Wikipedia confirmed that it would black out all English language versions of its website around the globe this Wednesday, in opposition to two proposed anti-piracy laws in the US.

More than 1800 “Wikipedians” discussed various protest actions they could take to stall the Stop Online Piracy Act (SOPA) and the Protect Intellectual Property Act (PIPA), and late on Monday, settled on the 24-hour blackout, to begin at 5 a.m. UTC/GMT on Wednesday.

Wikipedia users will not be able to read or edit English pages, though articles about SOPA and PIPA will remain accessible to readers. Read more

A month after sites such as Tumblr and Reddit encouraged their users to protest against the Stop Online Piracy Act, the fight against SOPA returned this week. Read more

For months, civil libertarians and internet freedom advocates have been fretting, with good cause, about the nominally secret multilateral negotiations on a document called ACTA, the Anti-Counterfeiting Trade Agreement.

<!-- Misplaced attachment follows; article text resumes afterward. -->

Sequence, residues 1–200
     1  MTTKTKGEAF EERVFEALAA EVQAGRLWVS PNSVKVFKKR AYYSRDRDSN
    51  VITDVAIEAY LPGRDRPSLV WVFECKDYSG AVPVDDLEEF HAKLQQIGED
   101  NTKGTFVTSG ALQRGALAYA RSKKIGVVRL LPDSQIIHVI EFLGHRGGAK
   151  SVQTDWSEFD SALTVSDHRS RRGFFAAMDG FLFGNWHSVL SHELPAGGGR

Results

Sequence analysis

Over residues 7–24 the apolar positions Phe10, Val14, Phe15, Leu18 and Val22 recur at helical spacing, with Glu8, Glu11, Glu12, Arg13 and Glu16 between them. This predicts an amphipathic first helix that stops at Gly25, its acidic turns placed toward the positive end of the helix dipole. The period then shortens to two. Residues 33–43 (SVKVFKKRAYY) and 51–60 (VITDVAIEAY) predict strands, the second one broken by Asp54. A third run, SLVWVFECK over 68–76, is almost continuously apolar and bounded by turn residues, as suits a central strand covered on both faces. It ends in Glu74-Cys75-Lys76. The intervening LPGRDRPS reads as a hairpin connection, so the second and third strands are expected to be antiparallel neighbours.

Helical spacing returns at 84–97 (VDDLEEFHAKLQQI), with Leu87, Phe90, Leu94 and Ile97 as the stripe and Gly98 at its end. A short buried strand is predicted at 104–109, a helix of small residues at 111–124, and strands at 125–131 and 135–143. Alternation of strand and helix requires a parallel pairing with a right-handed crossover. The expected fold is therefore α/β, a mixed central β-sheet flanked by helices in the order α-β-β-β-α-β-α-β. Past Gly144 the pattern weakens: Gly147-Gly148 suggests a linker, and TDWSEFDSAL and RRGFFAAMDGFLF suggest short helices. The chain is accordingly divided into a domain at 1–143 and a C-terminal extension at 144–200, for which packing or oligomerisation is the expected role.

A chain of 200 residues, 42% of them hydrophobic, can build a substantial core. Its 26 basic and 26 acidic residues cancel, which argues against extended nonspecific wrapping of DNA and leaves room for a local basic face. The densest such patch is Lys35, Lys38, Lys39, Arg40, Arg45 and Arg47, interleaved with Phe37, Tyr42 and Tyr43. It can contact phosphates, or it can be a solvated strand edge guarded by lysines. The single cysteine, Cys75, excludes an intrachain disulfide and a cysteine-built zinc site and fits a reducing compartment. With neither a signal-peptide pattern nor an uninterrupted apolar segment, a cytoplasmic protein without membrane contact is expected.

Essentially, the agreement aims to take the flawed US Digital Millennium Copyright Act and export it worldwide, only favoring the copyright holders more.

Numerous leaks showed drafts that would have encouraged signatory nations, including the US, Japan and EU members, to become a sort of super-copyright police, possibly cutting off repeatedly accused pirates from the internet and searching laptops at the border for unapproved movies and music. Read more

Among the organisations adding their tuppenceworth to the Digital Britain consultation is the Business Software Alliance, the industry body that represents software companies and tries to make sure they get paid all their licence fees.

Part of the suggestions about Digital Britain have been for there to be a clampdown on music and video piracy, especially peer to peer filesharing. The BSA wants to make sure software piracy is not forgotten. Read more